September 22, 2007


So, the New York Times opened up it's archives back to 1981 this week, a move I wildly applaud. Every newspaper, as a public interest, should do this for their communities. In doing so, the Times editors have invited users to go digging through the vault to see what they can find.

Anyway, I decided to do some archive mining to see the earliest references in the Times for some of the best-known food names and trends during the past 26 years:

Rachael RayRACHAEL RAY: (Feb. 15, 2002)

Rachael Ray Host of ''30 Minute Meals'' on the Food Network

My old chipped Le Creuset pot is the one thing in my house that I would grab if there were a fire. I remember being on my mother's hip and watching her stir everything in that pot with a big wooden spoon. My grandfather would often begin playing cards with his friends in the kitchen, and I must have had 120 cousins who always ate with us. That pot is magical. It's really like a scrapbook for me. Every time I use it, all those memories come back. When I moved to my little cabin out in the woods, my mother gave me the pot along with a wooden spoon. I spend all my time in the kitchen -- my living room must hate me -- and that pot is always out. My favorite thing to make is called minestra, which is a thick soup made from white beans and bitter greens. The pot is now all blackened on the bottom and it's about three different shades of red and orange. It has a lot of scars, but I can't imagine not having it.

Paula DeenPAULA DEEN: (March 7, 2004)



In November, Paula Deen moved the Lady & Sons to this four-story temple to grits and greens, at 102 West Congress Street; (912) 233-2600. This was supposed to cut down on the waiting time. Fat chance. Hungry patrons still clog the front entrance, so reservations are advised. Go for the buffet, and the endless helpings of catfish, sauce-slathered ribs and the Lady's Cheesy Mac. If possible, save room for the sweet-potato gooey butter cake and peach cobbler. Lunch and dinner daily; the all-you-can-eat buffet runs $12.99 for lunch, $16.99 for dinner, $14.99 Sunday, from 11 a.m. to 5 p.m.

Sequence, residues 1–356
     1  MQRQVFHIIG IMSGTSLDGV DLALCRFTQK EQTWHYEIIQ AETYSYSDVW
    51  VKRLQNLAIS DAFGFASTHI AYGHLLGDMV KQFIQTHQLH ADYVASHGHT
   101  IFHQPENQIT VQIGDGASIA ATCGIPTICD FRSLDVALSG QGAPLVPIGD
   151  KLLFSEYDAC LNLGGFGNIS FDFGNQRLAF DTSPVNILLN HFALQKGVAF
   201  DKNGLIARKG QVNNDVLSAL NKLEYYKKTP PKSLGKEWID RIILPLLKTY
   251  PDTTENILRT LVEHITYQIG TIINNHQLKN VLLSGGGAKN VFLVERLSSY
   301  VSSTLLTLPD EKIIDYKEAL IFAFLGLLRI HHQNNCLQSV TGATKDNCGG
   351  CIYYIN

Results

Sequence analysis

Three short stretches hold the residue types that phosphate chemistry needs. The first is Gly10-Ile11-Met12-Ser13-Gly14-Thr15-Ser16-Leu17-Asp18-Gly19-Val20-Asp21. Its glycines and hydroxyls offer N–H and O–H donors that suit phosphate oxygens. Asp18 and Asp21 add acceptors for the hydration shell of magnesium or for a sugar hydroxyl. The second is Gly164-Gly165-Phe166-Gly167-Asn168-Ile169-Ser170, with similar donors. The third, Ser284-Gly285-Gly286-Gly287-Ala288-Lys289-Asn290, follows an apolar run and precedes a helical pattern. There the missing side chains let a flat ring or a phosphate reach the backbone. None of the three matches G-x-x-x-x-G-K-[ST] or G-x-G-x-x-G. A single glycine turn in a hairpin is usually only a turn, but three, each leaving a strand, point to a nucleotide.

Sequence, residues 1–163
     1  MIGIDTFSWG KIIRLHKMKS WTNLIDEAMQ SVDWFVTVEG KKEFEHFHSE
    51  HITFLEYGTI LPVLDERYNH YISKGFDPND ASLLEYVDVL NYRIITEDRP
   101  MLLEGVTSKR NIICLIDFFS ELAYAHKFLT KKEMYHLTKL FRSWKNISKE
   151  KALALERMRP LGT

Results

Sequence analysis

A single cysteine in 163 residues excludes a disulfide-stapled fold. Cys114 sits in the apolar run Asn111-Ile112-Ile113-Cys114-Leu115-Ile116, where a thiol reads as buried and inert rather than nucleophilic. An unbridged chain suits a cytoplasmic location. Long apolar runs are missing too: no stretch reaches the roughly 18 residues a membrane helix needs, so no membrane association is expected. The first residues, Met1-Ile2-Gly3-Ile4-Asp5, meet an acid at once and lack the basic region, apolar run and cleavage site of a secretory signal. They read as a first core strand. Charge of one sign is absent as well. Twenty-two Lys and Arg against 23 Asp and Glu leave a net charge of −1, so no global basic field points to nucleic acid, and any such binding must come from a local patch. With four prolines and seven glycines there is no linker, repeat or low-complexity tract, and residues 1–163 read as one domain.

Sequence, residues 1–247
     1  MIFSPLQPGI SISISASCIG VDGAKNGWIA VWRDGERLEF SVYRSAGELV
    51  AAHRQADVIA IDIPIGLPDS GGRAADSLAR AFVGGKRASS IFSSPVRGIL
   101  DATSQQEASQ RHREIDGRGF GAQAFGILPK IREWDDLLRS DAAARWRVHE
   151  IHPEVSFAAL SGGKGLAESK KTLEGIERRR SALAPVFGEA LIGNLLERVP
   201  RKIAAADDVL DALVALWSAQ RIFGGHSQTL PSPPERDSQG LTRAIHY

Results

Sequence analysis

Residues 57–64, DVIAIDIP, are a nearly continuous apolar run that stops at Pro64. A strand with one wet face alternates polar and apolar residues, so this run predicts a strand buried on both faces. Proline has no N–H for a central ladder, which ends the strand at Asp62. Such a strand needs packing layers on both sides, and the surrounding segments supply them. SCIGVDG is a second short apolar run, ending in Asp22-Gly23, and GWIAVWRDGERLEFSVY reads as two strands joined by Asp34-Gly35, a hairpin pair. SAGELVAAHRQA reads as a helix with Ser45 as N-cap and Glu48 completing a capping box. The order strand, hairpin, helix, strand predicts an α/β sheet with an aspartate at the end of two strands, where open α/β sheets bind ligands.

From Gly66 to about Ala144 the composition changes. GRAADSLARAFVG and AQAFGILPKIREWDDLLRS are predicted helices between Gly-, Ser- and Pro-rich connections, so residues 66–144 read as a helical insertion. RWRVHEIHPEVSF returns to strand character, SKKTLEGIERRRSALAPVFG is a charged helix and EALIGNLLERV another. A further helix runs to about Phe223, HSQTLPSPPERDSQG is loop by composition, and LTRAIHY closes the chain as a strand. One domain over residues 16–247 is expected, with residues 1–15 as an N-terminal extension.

Martha StewartMARTHA STEWART: (Sept. 23, 1981)



''I PREFER big parties,'' Martha Stewart remarked. By big she means several hundred, maybe a thousand guests. And what she enjoys about them would probably send most people running in the opposite direction. She prepares the food.

Food NetworkFOOD NETWORK: (May 5, 1993)

Rating TV Chefs: Cooks Beware


COOKING programs are the soap operas of the 90's, in which poaching supplants passion. Since the mid-1960's, when Julia Child warbled her way to America's hearts and the Galloping Gourmet demonstrated that clowning and cooking did indeed mix, these broadcasts have steadily grown in popularity. On any weekend, dozens of cooking shows saturate the airwaves, showing everything from Amish cuisine to Zen vegetarianism.

The rewards are significant for those involved in the most popular shows. Today's whisk-waving television heavyweight is Jeff Smith, whose program, "The Frugal Gourmet," has been among the top five programs on PBS for five years. Aside from the money "The Frugal Gourmet" earns from commercial sponsors, Mr. Smith's books related to the show have sold in the millions. And cooking programs have a long life, as they are bought and sold by cable-television companies that keep them in reruns for years, and as they resurface for sale on videotape.

Moreover, industry spokesmen say their growth is certain to continue. In November, the new Television Food Network will debut, featuring eight hours a day of food-related programming, including cooking shows. In New York City this fall, WHM Communications Corporation plans to introduce Foodday Television, six-day-a-week, one-hour food and cooking packages that it hopes to syndicate to independent television stations around the country.

Anthony BourdainANTHONY BOURDAIN: (April 12, 1995)

Book Notes


A Chef Who Can Write

The recipe went something like this: Two years of partying at Vassar, then dropping out. Training as a chef. A sprinkling of trial testimony from Gotti underboss Salvatore (Sammy the Bull) Gravano. Pressure from an old roommate turned businessman. And a generous dousing of talent, luck and mayhem.

The result is the blossoming writing career of Anthony Bourdain, 38, whose first book, "Bone in the Throat," will be published in June by Villard. The novel follows the story of an aspiring chef who ends up working in a kitchen in Little Italy. But one of the specialities of the Mafia-run restaurant is chopped mobster.